Pages 320. Rs 195.

Kanika Dhillon’s maiden foray into novel writing has come with much fanfare. Dhillon has earned herself a head start with Sharukh Khan himself unveiling her debut novel. And why not? She is after all the screenwriter for the much-touted Ra.One and also happens to head the Creative Content Division of King Khan’s Red Chillies Entertainment. She appears to have journeyed through Bollywood with aplomb having worked with Farah Khan in Om Shanti Om and Priyadarshan in Billu Barber. One envies her Midas touch, but her book Bombay Duck is a Fish tears at this perception and reveals the hard work and sweat, the pain of broken dreams and the glamorous fallacy that is Bollywood.

Neiki Brar, a small-town girl, moves from Amritsar to Bombay in search of the glitz and glamour of a star-spangled Bollywood. She starts working as a lowly Assistant Director to a famous film-maker but soon finds that her job is not so much about film-making as running errands for everyone on the set. Battling with the egos of her colleagues and celebrities, Neiki survives the rat race and manages to carve a niche for herself. However, her romantic entanglement with a shallow, opportunistic, sex-starved actor Ranvir Khanna, becomes the raison d’etre of her premature death.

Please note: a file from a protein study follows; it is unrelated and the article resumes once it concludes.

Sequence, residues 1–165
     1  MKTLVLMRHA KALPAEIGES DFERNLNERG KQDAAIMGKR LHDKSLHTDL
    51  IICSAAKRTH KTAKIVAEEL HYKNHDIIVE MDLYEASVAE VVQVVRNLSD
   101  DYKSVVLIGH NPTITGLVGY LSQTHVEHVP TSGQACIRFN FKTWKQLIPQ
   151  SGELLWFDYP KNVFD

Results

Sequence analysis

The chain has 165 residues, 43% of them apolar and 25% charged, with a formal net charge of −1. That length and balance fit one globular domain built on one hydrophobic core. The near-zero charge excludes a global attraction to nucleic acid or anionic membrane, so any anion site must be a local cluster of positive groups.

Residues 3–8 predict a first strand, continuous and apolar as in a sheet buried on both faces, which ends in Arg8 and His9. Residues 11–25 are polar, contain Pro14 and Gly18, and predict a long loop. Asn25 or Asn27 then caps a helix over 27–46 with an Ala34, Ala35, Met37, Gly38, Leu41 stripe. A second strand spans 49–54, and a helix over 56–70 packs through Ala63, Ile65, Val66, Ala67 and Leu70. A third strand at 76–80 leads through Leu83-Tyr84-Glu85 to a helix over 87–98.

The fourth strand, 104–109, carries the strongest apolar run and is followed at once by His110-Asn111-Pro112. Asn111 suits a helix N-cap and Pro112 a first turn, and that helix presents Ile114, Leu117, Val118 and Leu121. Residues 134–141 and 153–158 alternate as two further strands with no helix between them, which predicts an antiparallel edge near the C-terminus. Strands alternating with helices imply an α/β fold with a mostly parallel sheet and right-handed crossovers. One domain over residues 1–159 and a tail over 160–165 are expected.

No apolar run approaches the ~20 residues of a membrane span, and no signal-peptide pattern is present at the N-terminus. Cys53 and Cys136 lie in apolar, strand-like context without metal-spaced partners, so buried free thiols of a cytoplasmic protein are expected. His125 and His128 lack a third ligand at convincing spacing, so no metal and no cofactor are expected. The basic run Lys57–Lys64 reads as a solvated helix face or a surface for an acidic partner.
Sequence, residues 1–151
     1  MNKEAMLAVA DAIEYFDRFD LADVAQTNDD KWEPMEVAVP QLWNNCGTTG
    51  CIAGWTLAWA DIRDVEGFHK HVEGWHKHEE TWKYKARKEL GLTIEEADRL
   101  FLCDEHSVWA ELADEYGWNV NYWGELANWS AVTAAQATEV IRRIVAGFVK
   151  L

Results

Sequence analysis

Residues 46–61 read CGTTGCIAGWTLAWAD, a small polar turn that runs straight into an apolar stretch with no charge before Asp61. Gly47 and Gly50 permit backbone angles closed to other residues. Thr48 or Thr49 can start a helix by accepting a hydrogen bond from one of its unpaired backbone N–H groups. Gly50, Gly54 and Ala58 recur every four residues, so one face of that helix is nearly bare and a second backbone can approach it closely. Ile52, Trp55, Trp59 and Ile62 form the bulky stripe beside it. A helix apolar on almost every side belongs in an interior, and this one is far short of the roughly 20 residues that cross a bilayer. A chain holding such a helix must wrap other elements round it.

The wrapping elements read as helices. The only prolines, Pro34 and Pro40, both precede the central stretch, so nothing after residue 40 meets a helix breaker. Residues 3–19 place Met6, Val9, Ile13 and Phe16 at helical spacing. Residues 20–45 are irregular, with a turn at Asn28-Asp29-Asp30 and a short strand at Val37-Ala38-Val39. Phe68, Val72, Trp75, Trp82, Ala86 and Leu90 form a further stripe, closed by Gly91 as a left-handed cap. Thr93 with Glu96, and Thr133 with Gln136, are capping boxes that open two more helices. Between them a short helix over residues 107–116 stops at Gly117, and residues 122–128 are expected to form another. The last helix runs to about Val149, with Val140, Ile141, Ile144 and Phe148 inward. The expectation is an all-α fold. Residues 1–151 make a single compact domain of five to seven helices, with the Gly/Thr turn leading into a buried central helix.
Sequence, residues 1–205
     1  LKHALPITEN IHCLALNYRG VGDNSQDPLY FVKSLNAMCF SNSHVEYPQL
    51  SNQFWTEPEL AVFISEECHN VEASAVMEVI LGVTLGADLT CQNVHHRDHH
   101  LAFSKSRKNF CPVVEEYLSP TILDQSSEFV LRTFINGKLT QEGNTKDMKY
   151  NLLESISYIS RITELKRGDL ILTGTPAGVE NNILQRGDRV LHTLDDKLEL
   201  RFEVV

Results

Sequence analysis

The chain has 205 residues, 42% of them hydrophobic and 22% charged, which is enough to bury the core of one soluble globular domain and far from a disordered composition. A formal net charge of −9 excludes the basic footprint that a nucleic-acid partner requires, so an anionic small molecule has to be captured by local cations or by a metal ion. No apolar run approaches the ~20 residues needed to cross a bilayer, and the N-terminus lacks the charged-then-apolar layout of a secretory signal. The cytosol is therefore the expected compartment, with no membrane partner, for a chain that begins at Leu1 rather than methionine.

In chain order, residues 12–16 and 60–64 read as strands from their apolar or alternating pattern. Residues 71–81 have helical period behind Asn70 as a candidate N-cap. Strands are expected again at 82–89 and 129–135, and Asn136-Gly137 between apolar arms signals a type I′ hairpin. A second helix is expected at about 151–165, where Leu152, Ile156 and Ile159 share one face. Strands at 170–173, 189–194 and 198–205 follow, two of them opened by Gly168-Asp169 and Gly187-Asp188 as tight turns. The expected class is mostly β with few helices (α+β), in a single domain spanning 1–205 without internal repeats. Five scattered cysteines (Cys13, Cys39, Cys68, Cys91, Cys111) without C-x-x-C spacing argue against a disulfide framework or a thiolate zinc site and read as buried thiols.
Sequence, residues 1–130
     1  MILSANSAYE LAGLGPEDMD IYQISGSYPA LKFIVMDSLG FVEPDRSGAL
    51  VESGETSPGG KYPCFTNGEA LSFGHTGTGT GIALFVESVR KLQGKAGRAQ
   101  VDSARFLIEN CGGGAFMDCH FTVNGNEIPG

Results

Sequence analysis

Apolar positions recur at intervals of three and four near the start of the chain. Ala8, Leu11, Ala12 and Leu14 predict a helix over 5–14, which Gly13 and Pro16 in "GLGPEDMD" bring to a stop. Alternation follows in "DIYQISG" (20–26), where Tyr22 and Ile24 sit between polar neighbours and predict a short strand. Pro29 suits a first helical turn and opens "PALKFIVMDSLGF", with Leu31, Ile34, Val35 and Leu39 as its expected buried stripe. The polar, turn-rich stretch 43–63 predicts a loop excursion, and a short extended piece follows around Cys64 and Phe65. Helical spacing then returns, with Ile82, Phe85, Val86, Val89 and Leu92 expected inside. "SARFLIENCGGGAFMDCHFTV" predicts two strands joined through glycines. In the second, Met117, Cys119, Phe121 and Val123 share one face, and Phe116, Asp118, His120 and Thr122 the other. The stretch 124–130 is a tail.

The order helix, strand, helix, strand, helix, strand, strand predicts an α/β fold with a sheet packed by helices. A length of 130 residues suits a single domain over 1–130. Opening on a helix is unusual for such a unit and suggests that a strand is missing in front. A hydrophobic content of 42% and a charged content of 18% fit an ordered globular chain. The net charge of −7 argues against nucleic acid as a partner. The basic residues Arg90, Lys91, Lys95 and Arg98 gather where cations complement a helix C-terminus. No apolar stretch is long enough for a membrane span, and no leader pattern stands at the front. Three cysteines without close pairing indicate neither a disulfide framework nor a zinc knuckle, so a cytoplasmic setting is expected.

The character of Neiki Brar seems to have emerged from Dhillon’s own Mumbai experiences, but the character development is not without contradictions. In the initial phase, Neiki is shown as ambitious, aggressive, hard working and undeniably talented. She is also not without compassion and takes up cudgels for her maid or the "extras" on the set or even Sam, her colleague. But, suddenly, for no reason at all, she pulls on the mantle of a suicidal jilted lover. Neiki’s suicide does not emerge naturally from the chronology of events and is as precipitate and inexplicable as the story lines of most Bollywood films. The diary-entry manner of narration is interesting, if not unique. It could have been used as a tool for development of Neiki’s character but the short succinct fact dominated entries focus on the day-to-day unveiling of facts rather than the internal strife of a character.

This novel is written in a manner characteristic of a film script. Be that as it may, Dhillon has sketched the beauty and ugliness of Bollywood in bold arresting strokes. The out-of-work dwarf Goku, the shenanigans of actors, the obsession with making things look good, the cut-throat blame game as well as the debilitating hard work on a film set is there for all to see. The title of the book, Bombay Duck is a Fish, is a perfect analogy for the deception perpetrated by the make-believe Bollywood world which looks beautiful and ideal but has a hidden underbelly of pain, suffering and betrayal. Just as Bombay Duck is a Fish, Bollywood is not what it appears to be. An interesting read that gives the reader a peek into behind-the-scene Bollywood.

buy the book at Amazon.com Bombay Duck Is A Fish

Published in the Tribune dated 14 August 2011

Part of the Dream Weave Walk Network 1999-2012